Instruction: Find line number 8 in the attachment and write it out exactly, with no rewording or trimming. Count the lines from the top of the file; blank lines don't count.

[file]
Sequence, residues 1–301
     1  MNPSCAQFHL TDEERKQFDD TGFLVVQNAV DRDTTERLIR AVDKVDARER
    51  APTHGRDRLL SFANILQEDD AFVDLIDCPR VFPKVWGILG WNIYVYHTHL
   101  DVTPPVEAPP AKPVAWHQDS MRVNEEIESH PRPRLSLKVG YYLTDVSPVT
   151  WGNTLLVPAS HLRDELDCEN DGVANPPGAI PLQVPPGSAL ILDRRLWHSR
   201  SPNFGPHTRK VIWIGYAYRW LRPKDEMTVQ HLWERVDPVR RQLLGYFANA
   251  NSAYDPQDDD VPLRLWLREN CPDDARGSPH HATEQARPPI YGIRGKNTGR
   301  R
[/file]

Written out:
   301  R